By Harut Sassounian
Publisher, The California Courier
Before the recent turmoil in relations between Turkey and several countries in the Middle East, Europe and the United States, Syria and Jordan had signed a Free Trade Agreement and visa-free travel with Turkey hoping to benefit from its growing economy.
Relations between Syria and Turkey quickly deteriorated starting in 2011 when Turkey supported Islamic Jihadists undermining the regime of Syrian President Bashar al-Assad. Earlier this year, going a step further, Turkey brazenly invaded Northern Syria, occupying the town of Afrin and announcing the intention to expand its invasion.
Consequently, the mutual trade agreement and visa-free travel between Turkey and Syria were cancelled. Recently, Jordan suspended its own trade agreement with Turkey, after warning repeatedly that it was one-sided and benefited Turkey much more than Jordan. Turkish exports to Jordan in 2016 amounted to $710 million, whereas Jordan’s exports to Turkey totaled only $102 million.
Jordan pledged to reactivate the agreement if Turkey agreed to certain revisions, including “the Turkish side’s consent to protection measures Jordan will design to protect local industries, increasing Turkish technical assistance to Jordan as stipulated by the FTA [Free Trade Agreement], and reconsidering the ‘strict’ rules of origin specifications applied by Turkey,” according to The Jordan Times.
Surprisingly, Turkey consented to renegotiate the Free Trade Agreement which was signed in 2011. This was a departure from Turkey’s usual aggressive tactic to threaten and bully both friends and opponents to submit to its wishes.
The government of Jordan should be commended for its tough stand in defense of its interests, despite the fact that, in recent months, several developments had strengthened Turkey-Jordan relations. Both countries vehemently criticized Pres. Trump’s recent decision to relocate the U.S. Embassy to Jerusalem from Tel Aviv. On Feb. 21, the two countries also signed a military cooperation agreement. Furthermore, Turkey had agreed to “exempt 500 Jordanian goods from customs duties,” according to the Al-Monitor news website.
Prof. Pinar Tremblay, in an Al-Monitor article analyzed the four factors that would impact the renegotiation of the Turkish-Jordanian trade agreement.
The first obstacle is the displeasure of Saudi Arabia, UAE and Egypt with Turkey for supporting their antagonist Qatar. Saudi Crown Prince Muhammed bin Salman went as far as calling Turkey a member of the “Triangle of Evil” along with Islamic militants and Iran! The anti-Turkish posture of Saudi Arabia, UAE and Egypt puts pressure on Jordan to be more cautious in its relations with Turkey. The reason Turkey is trying to accommodate Jordan is to break out of its isolation from major Sunni Arab countries.
The second obstacle is most Sunni leaders’ hostility towards Iran. This antagonism spills over the resentment of Turkey by Saudi Arabia, UAE and Egypt due to persistent Turkish relations with Iran. Turkey is trying to boost its relations with Jordan, because of its need for allies in the Arab world. In recent years, Turkish President Erdogan has aspired to become the leader of Sunni Muslims rivaling Saudi Arabia, the home of Islam’s two holy sanctuaries: Mecca and Medina.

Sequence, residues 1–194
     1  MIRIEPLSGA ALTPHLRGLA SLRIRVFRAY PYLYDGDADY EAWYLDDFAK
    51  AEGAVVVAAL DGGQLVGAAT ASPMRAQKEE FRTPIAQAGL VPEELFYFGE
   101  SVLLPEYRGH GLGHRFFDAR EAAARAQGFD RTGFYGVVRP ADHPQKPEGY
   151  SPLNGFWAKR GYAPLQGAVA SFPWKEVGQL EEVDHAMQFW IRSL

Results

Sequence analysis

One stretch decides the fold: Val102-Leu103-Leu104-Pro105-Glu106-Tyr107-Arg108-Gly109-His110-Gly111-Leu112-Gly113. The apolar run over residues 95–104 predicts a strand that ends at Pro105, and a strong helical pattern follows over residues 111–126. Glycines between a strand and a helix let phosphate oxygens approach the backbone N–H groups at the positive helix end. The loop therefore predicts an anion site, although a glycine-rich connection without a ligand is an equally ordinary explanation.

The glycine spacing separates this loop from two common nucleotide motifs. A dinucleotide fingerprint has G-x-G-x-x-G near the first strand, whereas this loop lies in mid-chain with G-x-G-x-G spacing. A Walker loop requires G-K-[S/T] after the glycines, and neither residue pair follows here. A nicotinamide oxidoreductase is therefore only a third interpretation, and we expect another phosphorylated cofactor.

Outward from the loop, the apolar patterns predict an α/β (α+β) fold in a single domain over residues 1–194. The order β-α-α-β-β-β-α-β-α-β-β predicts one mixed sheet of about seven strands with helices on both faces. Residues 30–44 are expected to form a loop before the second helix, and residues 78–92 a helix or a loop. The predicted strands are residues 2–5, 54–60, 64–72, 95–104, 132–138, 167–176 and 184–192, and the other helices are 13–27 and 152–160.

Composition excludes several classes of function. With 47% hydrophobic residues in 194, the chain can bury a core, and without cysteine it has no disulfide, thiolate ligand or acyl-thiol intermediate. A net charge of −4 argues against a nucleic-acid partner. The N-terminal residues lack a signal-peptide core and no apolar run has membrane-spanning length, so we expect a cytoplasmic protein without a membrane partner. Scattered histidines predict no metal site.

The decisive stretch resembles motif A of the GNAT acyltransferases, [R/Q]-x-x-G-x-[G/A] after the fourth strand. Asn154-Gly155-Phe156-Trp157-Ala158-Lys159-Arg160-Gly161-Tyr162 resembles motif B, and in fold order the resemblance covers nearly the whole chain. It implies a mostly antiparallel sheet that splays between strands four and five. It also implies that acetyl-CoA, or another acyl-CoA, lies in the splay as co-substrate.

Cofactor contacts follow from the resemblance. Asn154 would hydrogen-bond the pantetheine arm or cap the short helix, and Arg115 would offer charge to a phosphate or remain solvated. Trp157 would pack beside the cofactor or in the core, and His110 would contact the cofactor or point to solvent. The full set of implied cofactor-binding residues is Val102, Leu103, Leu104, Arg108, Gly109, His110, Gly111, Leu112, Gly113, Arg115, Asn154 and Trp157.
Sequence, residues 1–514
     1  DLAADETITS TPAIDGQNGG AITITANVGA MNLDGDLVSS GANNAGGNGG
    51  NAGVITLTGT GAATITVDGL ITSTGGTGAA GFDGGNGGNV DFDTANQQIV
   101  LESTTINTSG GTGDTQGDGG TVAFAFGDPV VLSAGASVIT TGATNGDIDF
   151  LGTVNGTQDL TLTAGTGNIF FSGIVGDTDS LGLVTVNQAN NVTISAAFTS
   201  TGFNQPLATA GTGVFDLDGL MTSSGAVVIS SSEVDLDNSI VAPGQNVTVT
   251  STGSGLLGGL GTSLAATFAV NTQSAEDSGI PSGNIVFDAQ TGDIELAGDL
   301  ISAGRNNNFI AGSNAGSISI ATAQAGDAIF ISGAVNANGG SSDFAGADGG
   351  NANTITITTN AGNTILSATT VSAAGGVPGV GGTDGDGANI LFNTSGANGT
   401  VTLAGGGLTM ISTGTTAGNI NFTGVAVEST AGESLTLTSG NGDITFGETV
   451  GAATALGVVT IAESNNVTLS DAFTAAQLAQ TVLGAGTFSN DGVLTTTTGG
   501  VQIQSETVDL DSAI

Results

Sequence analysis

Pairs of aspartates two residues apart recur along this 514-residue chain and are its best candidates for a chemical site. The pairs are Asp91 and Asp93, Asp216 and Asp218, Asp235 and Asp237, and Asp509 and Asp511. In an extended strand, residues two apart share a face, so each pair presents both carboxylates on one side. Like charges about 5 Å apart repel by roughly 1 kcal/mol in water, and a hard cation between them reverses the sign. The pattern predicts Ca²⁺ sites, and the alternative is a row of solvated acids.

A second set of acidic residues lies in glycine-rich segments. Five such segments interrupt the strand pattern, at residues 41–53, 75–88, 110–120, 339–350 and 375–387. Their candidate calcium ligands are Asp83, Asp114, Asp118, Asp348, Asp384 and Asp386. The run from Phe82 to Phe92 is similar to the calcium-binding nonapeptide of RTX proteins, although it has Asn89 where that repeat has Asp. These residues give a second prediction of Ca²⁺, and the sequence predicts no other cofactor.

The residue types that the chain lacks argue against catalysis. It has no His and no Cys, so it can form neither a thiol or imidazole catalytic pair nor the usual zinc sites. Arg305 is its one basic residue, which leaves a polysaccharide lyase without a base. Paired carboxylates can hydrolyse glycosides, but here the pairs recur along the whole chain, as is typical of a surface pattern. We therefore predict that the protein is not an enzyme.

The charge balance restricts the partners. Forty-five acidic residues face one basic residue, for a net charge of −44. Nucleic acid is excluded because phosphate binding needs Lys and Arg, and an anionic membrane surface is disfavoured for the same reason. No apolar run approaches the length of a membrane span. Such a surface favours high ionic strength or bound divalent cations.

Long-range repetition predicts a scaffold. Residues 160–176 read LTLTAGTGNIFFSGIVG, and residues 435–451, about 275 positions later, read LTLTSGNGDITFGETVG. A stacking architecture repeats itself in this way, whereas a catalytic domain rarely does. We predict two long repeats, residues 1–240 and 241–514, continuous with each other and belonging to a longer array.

The third obstacle is Saudi Arabia’s desire to spread its influence over the Arab world opposing Turkish expansionist policies. That is why Saudi Arabia and Turkey are competing for the friendship of the Kingdom of Jordan, among others. Tremblay reported that “at the end of December, Turkey acquired a 99-year lease from Sudan for Suakin Island, increasing Turkey’s presence in the Red Sea. This move has unnerved the countries that identify themselves as ‘the Arab Anti-Terror Quartet’ (Egypt, Saudi Arabia, the UAE and Bahrain). Turkey’s relations with African nations are flourishing. Not everyone is happy about such developments, and this could cause problems for Turkish-Jordanian relations.”
Prof. Tremblay described the fourth challenge as financial: “Turkey wants Jordanian markets but faces roadblocks posed by Gulf countries. Since March 2016, Turkey and Jordan have been trying to plan, without success, a maritime route between Turkish ports (Iskenderun) and Jordan’s port of Aqaba to reach out to Gulf markets. Yet without political compromises, economic cooperation does not seem sustainable in the region. Turkish Airlines restarted direct flights March 19 between Istanbul and Aqaba. Intriguingly, also in March, the Saudi crown prince was in Cairo discussing the proposed multibillion-dollar King Salman Bridge to link Egypt and Saudi Arabia through the entrance of the Gulf of Aqaba; some see this as a reaction to the Aqaba flights and the maritime route project. During his March 12 visit to the Jordanian capital of Amman, the UAE foreign minister reportedly promised to help Jordan with its various economic challenges and establish stronger regional ties. Turkey believes these developments are behind Jordan’s suspension of the free trade agreement. Jordanian business people and analysts concur that the UAE and Saudi Arabia had a hand in the suspension decision.”
Tremblay concluded that “Turkey desperately needs to diversify its opportunities in foreign policy. Repeated mistakes and costly failures have significantly limited Turkish foreign policy options in the past. In the past decade, Turkey’s ambitions and rhetoric have not matched its capabilities and achievements. Yet in regard to the free trade agreement with Jordan, Ankara is not only determined but also well-organized. If Turkey can overcome the obstacles outlined, a free trade agreement revision would indeed be a win for Ankara.”